Well, question is whether a wheel as part of a car should be its own entity at all… But nevertheless, let's use it as an example. Of course, I describe it the way I'm doing things. Other solutions are possible as well, you know. A description in code snippets is meaningless until the API is known, but the API is engine specific; so I stick with a verbose description.
Create and entity for the car body. Create another entity for a wheel. Create a Placement component for the 1st and another for the 2nd entity. Because of the existence of the Placement components in their initial state (i.e. identity transform) both entities are located at the world's origin and are facing along, say, the z axis. Notice that both entities exist side by side and not hierarchically. I allow nesting entities in the editor not for the sake of dependency but just for a logical grouping, allowing the designer to straighten up things to its wish.
Because there is nothing set-up that alters the both Placements, both entities are static. Now create a Parenting component and assign it to the wheel entity. The Parenting component is assigned to the entity whose Placement component is to be controlled, i.e. the "child" entity. In order to complete this step you obviously need to tell which entity the "parent" role plays. So attach the car body's entity to the Parenting controller's parent slot.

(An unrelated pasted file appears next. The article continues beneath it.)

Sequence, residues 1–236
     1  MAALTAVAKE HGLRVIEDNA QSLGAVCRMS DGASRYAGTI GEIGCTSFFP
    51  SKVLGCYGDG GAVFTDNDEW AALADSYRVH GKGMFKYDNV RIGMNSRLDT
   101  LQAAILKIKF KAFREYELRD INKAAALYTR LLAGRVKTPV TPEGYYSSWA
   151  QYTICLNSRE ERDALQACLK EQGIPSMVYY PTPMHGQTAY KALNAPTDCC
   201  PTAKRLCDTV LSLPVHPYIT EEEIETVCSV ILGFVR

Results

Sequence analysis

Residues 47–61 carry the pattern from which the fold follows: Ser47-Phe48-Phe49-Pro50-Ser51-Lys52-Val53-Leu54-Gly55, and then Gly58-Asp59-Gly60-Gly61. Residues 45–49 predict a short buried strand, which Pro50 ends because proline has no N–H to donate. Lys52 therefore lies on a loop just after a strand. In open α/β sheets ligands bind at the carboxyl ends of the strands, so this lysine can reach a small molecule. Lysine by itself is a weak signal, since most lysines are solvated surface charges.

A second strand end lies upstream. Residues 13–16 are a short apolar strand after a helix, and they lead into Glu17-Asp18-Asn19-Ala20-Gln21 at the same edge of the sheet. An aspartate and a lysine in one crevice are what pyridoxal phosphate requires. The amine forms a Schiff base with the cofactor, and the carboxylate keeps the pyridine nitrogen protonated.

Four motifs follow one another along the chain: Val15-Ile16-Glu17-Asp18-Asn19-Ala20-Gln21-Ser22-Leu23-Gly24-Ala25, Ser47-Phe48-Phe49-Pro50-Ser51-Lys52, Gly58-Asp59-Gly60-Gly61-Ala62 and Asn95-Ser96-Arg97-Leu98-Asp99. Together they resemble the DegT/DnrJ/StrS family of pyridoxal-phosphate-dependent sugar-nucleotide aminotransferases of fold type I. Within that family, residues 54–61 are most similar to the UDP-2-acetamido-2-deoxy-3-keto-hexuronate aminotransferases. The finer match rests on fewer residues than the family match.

Now we have a mechanism installed to the wheel that computes the value of the entity's Placement as usual for parenting, i.e. when using column vectors:
my_entity_Placement_value := parent_Placement_value * local_placement
Nothing has changed on screen because both right hand side transforms are still identity transforms. So translate the wheel to where it should be located relative to the car body's placement. In fact you do not alter the wheel's Placement directly but the wheel's Parenting local placement value.
When you compare this with a scene graph solution, then the parenting is not expressed by a wheel node below a transform node below a car node, but (when still using the term "node") a transform node below a wheel node besides a car node.
The sense of this set-up will become probably more clear when thinking of other mechanisms (I'm supporting 12 different mechanisms at the moment). Let us have a look at targeting. Let's say you have a Tracking component installed to a weapon, and it tracks the Placement of an enemy. For sure weapon and enemy are 2 real distinct entities, and putting the one as node of a scene graph into the other makes no sense. Instead, both live side by side in the CES and the one is explicitly expressed to target the other by the current existence of a Tracking component.
Besides the mechanisms mentioned above, there is another kind of controller that fits into this set-up: Animation. Let's say the animation sub-system currently runs a track that changes the local rotation of the wheel's Parenting component. Voila, the wheel rotates in place, and it moves with the car body.
Edited by haegarr, 06 March 2014 - 07:17 AM.